Since we were talking about the crus, we started talking about Chouilly. In hindsight I realize that I didn’t really talk about Cramant, which is bummer because I’m sure Didier has plenty of thoughts on it. So Chouilly, Didier is the one that pointed out how big Chouilly is and how far north the vines extend. Most of the vines he owns here on in the sweet spot on the eastern side near Cramant and Oiry. He feels the eastern side of Chouilly is like Cramant, and this is the reason the village has Grand Crus status. He thinks that despite some good parcels in Chouilly and Oger, there’s really only three Grand Crus in the Cote de Blancs, Avize, Cramant, and Mesnil-sur-Oger. This was the original designation in Champagne, but in 1982 the rules were changed, and Chouilly, Oger, and Oiry were added as Grand Crus. Certainly influence from large houses helped with this decision, but there is basis for this change considering the caliber of some of the parcels in each village. Essentially, this is the argument against entire villages being classified. In most villages there are great parcels, good parcels, and parcels for generic champagne. Yet, the system only bothers to classify villages rather than get into the nitty gritty of classifying parcels. That being said, the growers know which parcels are great, and the ones that own land in those parcels are happy to tell you about the parcels. The rest are happy to rest on the reputation of the village.

Following the blending conversation Didier gave me his thoughts on the amount of age until maturity of his main crus. As mentioned above, Oger ages rapidly and only takes 5 or 6 years to reach maturity. Chouilly is a bit longer at 8 to 10 years, and Cramant is the longest at 15+ years until the wine is mature. Please note these guidelines are for the wines to reach maturity, where all the elements are in harmony, not the long life the wines will have. Think of it like adolescence, you’re done growing by your late teens, but you still have a long life ahead of you.

A random photo of the Cathedral of Reims, the Gimmonet visit was light on pictures, but this post needed to be broken up a bit.

A random photo of the Cathedral of Reims, the Gimmonet visit was light on pictures, but this post needed to be broken up a bit.

Our conversation next turned toward vineyard practices and winemaking, which is a bit backwards relative to most of my visits, but that’s the way the conversation rolled.  He isn’t organic, but is sustainable. He doesn’t use chemical fertilizer or insecticides but he doesn’t rule out some chemicals for use in bad years. The most interesting vineyard practice he discussed was with new plantings.  With the new vines he and his staff cut the roots of the vines that are growing horizontally. He trains the vines to send their roots deep into the ground rather than growing outward. Deep roots tap more types of soil, have better access to water, and are generally stronger than those with shallow roots.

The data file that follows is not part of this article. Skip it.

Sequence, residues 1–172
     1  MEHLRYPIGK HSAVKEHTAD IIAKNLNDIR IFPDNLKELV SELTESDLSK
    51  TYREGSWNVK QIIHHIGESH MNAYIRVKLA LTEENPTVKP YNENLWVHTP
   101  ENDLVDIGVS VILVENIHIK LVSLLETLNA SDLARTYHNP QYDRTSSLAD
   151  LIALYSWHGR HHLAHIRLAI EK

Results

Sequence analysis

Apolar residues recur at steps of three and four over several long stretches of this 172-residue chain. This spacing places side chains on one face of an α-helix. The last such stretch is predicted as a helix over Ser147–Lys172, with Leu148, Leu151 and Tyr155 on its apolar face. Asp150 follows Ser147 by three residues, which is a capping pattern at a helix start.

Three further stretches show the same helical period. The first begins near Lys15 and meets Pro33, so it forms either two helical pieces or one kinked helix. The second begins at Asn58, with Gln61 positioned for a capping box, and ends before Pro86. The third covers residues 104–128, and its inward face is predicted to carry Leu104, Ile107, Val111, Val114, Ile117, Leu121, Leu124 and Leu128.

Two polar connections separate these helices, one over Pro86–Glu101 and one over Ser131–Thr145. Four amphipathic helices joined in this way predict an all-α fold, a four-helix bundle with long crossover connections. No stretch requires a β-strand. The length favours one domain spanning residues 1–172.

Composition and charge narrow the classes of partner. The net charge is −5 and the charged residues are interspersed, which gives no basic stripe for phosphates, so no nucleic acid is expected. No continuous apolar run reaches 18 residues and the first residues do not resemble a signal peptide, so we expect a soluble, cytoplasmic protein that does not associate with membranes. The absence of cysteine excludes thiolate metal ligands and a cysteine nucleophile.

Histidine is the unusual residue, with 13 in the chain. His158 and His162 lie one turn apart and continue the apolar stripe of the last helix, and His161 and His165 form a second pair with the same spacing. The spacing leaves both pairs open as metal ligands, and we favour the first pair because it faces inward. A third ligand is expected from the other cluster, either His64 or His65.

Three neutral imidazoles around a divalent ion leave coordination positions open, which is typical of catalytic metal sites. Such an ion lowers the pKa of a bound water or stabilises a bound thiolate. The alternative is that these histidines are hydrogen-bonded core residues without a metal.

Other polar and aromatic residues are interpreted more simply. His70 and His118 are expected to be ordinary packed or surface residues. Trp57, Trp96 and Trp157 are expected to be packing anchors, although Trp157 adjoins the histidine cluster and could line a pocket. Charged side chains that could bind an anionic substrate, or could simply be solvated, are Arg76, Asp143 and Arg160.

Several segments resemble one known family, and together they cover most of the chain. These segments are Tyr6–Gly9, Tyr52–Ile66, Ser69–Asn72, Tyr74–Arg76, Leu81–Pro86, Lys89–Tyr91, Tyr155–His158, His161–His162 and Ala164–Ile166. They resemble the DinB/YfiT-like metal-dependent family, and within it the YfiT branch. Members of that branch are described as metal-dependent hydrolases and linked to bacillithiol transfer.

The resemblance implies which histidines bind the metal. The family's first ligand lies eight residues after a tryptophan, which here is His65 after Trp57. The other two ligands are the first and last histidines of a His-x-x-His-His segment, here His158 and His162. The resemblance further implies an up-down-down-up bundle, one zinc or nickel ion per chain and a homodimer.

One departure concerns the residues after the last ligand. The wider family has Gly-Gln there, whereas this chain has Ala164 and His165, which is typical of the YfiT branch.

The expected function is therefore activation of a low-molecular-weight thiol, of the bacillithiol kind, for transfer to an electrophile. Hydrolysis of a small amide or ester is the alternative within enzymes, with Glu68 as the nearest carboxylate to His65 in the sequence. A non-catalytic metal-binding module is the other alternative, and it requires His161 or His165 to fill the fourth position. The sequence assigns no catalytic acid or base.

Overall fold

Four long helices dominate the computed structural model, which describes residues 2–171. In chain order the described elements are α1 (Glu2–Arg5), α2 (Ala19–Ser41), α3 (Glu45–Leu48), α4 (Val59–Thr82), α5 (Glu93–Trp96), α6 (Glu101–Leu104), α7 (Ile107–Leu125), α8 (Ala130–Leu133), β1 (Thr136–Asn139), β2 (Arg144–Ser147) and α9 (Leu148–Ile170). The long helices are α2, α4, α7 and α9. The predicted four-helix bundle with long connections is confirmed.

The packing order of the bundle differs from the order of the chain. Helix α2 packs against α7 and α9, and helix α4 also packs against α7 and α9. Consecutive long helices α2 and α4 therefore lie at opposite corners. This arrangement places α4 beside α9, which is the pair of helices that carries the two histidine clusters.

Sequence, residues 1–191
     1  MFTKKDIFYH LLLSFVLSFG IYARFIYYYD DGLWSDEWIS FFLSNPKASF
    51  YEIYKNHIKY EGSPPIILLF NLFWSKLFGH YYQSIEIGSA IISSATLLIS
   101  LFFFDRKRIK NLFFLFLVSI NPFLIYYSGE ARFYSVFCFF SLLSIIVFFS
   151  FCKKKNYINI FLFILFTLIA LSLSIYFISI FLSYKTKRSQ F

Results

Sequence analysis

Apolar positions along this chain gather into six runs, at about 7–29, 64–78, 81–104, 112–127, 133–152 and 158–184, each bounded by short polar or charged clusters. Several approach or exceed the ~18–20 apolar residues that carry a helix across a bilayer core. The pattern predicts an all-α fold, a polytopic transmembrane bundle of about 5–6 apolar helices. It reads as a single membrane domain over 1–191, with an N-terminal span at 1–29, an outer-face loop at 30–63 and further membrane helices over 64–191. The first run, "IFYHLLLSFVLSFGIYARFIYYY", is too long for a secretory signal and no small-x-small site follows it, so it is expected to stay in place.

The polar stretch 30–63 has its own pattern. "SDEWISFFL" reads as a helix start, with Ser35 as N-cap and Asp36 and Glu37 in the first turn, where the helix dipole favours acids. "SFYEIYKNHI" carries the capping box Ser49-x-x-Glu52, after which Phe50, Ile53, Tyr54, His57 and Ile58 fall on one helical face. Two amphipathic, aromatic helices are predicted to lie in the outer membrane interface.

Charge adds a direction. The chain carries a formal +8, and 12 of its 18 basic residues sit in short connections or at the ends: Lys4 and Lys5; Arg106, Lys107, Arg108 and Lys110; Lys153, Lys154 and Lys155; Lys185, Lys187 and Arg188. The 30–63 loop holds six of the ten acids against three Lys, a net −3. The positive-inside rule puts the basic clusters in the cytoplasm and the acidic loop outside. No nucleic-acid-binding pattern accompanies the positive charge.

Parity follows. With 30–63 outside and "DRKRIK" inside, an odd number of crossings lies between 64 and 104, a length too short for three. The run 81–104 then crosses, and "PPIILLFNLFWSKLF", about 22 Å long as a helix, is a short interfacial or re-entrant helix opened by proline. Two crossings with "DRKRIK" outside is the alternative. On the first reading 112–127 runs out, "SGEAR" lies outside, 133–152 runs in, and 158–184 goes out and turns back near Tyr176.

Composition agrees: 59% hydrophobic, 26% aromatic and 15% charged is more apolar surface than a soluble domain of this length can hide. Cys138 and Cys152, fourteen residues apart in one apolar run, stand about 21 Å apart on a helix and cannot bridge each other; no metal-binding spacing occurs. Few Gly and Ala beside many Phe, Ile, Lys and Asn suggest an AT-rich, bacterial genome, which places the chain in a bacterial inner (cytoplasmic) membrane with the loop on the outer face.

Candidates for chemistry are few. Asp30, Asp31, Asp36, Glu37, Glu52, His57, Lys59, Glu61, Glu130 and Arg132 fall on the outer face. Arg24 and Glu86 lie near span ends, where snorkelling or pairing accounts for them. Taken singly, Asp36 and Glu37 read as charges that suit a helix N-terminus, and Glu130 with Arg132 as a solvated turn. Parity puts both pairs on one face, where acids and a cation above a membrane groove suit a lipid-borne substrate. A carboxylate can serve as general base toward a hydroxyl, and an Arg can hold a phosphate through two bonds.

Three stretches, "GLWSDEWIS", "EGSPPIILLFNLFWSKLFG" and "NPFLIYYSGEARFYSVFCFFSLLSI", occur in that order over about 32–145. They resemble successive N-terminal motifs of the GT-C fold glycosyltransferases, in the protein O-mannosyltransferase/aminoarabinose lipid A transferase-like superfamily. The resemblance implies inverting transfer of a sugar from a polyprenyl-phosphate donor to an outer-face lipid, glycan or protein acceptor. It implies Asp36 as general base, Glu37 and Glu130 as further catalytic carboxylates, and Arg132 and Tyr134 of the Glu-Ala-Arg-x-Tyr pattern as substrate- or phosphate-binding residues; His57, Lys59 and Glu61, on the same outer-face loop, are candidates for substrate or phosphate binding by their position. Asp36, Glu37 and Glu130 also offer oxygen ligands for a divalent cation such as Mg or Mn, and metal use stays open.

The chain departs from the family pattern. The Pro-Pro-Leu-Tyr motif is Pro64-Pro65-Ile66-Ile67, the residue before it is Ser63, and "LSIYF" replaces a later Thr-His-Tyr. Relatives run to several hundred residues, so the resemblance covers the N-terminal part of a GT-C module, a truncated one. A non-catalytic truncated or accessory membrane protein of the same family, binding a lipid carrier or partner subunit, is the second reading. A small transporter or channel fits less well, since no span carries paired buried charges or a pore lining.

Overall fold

In the winery, Didier has plenty of opinions, beyond his thoughts on blending. He believes that growers should show terroir expression in their wines.  He likes to harvest his grapes with at least eleven degrees of potential alcohol so there is phenolic ripeness, not just raw acid to later correct with sugar. To accomplish his goal of showing terroir, he only uses stainless steel in the winery.  He feels that, “winemakers use oak, but farmers use stainless steel.” He thinks that concentration in wine is easy, but retaining freshness and elegance is difficult. At the same time, he doesn’t want reductive notes in his wines, so he is walking a fine line in achieving his goals.

At the end of the conversation he told me about his expansion plans and the his winery’s annual production and the amount of wine aging in the cellars. It was a staggering amount for a grower. Annually, Gimmonet makes about 250,000 bottles. In the cellars he has about one million bottles aging, with another 185,000 bottles of reserve wines for blending. While I’m certainly not against success and larger wineries, I was a bit shocked to hear these numbers. Often growers are painted as small operations making less than 10,000 bottles annually.

This brings me back to a comparison I’ve been thinking about with beer. In the beer world there are the major breweries like Anheuser-Busch and Miller, and in Champagne there’s Moët, Veuve, and the other big houses. After the large players in Champagne everyone seems to be a grower, whether they make 3000 bottles or 250,000 bottles annually. The differences here are huge in terms of vineyards, facilities, and staff. In the beer world they had to tackle what happens to a micro brewery when it becomes big, but not so big as to be a “big guy”. The term craft brewery came about, think Sierra Nevada or Deschutes. These breweries are certainly not Miller sized but they’re not tiny operations with one or two guys doing everything. I think Champagne would benefit from a classification like this. Gimmonet would be a craft producer, while Christophe Mignon would be a mirco. I suppose I’m just looking for some fairness or transparency in labeling, but I don’t see much changing anytime soon considering the Champagnois are a secretive bunch.

Overall, I thought that Gimonnet’s wines are intellectual, direct, and pleasant, much like the man behind them.